How does accruing time on something over a long period of time help with minding the estimates? Maybe I’ve implemented the algorithm wrong, but my implementation is memory-less outside of the present day. Are you minding the global average, or just the estimated time spent in the current day?

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Oh, it doesn’t help with beeminding it! Sorry, I was answering the wrong question there. So, yeah, I don’t think it works to beemind something with TagTime as the data source unless it’s something that you’re ok being forced to spend hours at a time on.

The cumulative total number of hours, where each ping counts as 0.75 hours.

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Couldn’t you just give yourself a large buffer and then you could beemind it with TagTime since the buffer would give the randomness enough time to work?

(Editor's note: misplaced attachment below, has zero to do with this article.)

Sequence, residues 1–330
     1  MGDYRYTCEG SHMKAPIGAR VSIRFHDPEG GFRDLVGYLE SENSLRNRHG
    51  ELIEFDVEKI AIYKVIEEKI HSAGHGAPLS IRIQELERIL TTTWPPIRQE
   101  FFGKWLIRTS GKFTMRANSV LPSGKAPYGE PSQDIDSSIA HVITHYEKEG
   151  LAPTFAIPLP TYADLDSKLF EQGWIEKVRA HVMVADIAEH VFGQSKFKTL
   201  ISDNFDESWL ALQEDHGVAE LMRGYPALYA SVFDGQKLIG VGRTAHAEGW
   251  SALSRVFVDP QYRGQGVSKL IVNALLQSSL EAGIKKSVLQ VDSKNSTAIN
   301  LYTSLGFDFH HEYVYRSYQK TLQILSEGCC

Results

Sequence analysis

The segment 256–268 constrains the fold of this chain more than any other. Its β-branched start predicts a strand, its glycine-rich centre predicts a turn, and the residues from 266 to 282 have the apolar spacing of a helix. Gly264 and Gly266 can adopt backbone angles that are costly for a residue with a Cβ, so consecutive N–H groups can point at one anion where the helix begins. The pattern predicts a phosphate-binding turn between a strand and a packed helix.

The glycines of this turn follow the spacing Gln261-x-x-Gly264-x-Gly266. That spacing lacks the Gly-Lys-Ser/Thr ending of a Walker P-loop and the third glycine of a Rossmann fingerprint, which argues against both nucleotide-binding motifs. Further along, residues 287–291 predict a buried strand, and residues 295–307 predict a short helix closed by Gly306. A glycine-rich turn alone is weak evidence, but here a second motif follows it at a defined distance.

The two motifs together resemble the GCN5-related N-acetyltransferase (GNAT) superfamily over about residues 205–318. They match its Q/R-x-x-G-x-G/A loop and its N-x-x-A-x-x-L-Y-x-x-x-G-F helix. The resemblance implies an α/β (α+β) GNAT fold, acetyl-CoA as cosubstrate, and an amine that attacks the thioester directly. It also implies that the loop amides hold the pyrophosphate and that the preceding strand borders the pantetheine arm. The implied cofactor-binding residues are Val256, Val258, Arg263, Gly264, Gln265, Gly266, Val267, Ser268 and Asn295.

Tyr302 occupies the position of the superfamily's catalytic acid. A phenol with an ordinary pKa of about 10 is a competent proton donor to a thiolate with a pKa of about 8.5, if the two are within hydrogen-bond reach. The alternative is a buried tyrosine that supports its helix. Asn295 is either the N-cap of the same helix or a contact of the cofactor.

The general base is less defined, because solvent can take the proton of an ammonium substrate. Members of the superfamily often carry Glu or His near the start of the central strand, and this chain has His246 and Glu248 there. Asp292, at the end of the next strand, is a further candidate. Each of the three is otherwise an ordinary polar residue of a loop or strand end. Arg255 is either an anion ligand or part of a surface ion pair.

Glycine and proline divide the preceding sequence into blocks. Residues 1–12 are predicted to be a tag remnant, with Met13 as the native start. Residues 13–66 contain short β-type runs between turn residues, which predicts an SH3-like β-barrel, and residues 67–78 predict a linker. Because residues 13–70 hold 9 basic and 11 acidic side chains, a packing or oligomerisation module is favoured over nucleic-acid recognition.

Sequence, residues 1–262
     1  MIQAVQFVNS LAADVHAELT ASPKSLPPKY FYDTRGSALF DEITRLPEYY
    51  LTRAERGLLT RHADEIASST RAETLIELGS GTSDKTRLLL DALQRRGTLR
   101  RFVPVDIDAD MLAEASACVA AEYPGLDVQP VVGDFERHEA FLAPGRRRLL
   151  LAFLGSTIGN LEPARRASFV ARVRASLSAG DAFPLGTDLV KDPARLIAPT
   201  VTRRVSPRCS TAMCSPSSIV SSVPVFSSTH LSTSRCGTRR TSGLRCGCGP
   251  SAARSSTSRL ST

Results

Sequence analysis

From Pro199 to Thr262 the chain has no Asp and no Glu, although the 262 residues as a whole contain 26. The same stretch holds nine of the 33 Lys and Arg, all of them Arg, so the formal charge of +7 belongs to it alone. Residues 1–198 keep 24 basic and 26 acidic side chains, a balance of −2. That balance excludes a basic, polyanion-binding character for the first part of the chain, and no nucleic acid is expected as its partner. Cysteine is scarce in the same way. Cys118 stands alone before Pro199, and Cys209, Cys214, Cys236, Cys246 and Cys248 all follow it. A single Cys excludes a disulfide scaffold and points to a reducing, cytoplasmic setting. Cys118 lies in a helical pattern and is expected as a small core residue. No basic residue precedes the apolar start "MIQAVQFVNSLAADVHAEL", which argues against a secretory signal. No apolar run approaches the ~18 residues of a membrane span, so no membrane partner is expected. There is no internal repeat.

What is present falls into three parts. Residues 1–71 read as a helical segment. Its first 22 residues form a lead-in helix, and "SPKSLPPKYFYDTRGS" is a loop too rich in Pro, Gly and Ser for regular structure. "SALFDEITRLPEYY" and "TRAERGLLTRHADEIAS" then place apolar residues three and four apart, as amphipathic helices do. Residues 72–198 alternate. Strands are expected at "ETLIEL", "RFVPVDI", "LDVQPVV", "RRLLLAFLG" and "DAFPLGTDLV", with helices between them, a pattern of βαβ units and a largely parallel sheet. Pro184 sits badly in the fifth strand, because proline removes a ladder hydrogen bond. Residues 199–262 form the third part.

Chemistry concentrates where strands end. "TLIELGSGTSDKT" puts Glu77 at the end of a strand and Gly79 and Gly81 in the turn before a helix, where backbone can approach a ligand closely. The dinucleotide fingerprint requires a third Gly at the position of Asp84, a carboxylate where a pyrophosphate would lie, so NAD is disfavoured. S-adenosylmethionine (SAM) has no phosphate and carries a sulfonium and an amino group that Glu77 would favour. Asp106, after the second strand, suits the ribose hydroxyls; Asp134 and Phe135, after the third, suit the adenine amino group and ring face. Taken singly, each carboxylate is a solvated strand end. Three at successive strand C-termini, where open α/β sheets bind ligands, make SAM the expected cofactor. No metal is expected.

As a side note, TagTime seems interesting, but using it as a data source would be very unsatisfying for me - a big part of using Beeminder for me is the “check off the box; cross it off the list” feeling of satisfaction when I do something and enter data.

I think that’s incompatible with edge-skating. If you need to do something for 5 minutes a day then you’d need to get really serious about putting in those 5 minutes for weeks ahead of the actual beemergency. Generally you should be prepared for up to 4 or so hours of work for a single ping, in case you’re unlucky and have ping drought. There’s a table with confidence intervals at the bottom of

You could also adjust the time periods so the random interval is less than 45 minutes - that might be a good solution for smaller-time goals.

I implemented my own algo without really understanding how TagTime did it. So mine calculates the time I may have spent on a given tag for the current day and posts that. Roughly:

(tag_pings_today / total_pings_today) * (now - day_start)